Just as we heard yesterday, Sprint confirmed this morning that it’s selling 70 percent of the company to Japan’s Softbank for $20.1 billion. The deal will help Sprint manage its debt and avoid potential bankruptcy, and it also comes as the carrier is beginning to deploy its LTE 4G network across the U.S.
As part of the deal, $12.1 billion will be paid out to Sprint’s existing stockholders, while the remaining $8 billion will be new capital for Sprint. The deal is expected to close in the middle of 2013.
Combined, Sprint and Softbank will be the world’s third-largest carrier by sales with around $32 billion in annual mobile revenue. The companies will have around 96 million subscribers (compared to Verizon’s 111 million and AT&T’s 105 million).
“This transaction provides an excellent opportunity for SoftBank to leverage its expertise in smartphones and next-generation high speed networks, including LTE, to drive the mobile internet revolution in one of the world’s largest markets,” said Softbank chairman and chief executive Masayoshi Son in a statement today.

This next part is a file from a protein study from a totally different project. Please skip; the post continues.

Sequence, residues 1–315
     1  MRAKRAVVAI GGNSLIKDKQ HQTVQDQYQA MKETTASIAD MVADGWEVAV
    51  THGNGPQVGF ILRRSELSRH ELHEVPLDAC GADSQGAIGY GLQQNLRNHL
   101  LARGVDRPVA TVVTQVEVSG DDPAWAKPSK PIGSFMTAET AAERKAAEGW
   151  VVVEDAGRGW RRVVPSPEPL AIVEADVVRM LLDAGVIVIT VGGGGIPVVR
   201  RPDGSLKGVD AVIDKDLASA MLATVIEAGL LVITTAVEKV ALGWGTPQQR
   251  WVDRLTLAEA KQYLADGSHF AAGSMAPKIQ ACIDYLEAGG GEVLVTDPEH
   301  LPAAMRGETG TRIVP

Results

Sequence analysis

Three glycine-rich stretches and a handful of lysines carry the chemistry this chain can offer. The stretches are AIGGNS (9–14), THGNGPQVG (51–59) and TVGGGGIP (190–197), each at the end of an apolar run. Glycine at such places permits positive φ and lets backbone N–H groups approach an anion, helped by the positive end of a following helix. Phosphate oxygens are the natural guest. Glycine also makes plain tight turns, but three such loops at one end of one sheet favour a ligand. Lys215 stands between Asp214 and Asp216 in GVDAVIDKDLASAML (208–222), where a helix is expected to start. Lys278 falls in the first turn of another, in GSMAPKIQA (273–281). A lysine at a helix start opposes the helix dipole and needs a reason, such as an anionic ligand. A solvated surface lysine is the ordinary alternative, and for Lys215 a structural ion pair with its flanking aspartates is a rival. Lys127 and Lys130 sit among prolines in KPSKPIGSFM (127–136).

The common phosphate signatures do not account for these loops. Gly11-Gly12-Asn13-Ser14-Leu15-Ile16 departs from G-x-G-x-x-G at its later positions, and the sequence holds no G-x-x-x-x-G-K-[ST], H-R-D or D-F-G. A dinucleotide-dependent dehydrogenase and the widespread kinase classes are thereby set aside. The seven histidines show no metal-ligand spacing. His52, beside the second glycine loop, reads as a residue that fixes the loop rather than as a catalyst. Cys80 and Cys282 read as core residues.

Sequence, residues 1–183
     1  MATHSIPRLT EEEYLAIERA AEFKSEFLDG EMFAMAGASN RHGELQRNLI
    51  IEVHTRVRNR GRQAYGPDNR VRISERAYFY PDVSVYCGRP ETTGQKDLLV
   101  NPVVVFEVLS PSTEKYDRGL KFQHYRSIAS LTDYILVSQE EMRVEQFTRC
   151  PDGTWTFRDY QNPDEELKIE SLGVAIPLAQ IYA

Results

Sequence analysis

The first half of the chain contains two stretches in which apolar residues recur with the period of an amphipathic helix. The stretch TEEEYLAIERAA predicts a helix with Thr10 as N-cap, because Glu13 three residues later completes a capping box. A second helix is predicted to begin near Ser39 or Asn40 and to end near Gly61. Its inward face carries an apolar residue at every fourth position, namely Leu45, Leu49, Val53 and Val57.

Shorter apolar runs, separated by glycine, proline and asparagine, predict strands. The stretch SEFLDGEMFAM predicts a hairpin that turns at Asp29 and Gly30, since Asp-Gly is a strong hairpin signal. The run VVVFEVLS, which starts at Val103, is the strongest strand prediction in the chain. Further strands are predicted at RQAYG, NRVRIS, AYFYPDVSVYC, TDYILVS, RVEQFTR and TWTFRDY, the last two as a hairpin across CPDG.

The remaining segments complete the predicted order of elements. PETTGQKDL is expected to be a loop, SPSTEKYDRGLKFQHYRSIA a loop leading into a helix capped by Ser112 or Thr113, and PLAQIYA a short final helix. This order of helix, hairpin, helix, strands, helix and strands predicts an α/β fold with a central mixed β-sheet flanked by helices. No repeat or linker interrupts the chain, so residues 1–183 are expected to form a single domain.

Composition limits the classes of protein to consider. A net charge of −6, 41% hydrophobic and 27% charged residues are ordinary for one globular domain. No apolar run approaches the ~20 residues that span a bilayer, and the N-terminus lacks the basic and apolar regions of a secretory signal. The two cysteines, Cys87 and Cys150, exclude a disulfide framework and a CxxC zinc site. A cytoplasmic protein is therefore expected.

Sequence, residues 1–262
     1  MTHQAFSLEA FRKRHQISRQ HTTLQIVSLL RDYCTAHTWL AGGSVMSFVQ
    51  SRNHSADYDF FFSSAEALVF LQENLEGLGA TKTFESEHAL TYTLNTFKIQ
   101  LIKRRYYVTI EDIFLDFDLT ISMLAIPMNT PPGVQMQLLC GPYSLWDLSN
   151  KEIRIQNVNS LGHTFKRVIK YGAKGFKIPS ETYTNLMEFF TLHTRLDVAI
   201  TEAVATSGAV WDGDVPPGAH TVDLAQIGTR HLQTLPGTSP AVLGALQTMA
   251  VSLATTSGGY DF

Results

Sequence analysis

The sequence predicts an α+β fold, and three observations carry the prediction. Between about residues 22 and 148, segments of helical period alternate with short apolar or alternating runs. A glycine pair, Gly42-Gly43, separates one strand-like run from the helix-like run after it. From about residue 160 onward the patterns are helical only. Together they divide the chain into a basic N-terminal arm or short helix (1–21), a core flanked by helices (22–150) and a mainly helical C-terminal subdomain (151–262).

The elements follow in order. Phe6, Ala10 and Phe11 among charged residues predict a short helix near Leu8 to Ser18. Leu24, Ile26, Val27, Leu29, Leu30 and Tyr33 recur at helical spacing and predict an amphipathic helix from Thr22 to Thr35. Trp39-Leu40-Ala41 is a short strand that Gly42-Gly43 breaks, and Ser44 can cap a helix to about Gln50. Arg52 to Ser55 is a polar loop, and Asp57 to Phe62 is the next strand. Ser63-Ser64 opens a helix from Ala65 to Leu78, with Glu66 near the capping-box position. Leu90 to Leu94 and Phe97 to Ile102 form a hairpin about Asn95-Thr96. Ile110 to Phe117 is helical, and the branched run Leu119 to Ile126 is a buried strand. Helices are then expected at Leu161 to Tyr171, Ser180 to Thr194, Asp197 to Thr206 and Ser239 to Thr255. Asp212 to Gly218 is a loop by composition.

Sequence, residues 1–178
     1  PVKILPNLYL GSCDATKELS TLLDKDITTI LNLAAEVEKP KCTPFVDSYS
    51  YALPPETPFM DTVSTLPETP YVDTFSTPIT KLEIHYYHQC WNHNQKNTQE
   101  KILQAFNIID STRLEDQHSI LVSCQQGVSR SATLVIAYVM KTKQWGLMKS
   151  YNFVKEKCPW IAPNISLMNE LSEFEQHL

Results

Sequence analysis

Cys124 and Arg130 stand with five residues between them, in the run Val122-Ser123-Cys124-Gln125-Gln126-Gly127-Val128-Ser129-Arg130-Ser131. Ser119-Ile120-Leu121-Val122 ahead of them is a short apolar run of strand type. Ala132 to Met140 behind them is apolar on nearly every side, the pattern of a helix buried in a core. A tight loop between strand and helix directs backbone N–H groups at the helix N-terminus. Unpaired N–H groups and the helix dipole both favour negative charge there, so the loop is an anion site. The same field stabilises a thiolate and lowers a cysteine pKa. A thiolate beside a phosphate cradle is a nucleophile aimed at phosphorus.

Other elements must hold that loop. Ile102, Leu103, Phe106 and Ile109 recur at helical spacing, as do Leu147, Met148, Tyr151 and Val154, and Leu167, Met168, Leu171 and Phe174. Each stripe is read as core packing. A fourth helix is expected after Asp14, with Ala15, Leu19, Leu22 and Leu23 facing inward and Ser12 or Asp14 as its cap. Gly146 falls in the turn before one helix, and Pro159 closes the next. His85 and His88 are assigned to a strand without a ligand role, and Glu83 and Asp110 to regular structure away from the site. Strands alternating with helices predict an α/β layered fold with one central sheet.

The road to Softbank’s majority stake will be a long one. The company will create a new U.S. subsidiary, New Sprint, which will be used to invest a $3.1 billion convertible senior bond in the existing Sprint company. That bond will eventually turn into shares of Sprint, which will then transform into a subsidiary of New Sprint. After that dance is complete, Softbank will pay out the additional $17 billion.
Sprint says the deal won’t involve any changes with its relationship with Clearwire, in which it was previously a non-voting majority stakeholder.
Sprint store photo via Consumerist’s Flickr
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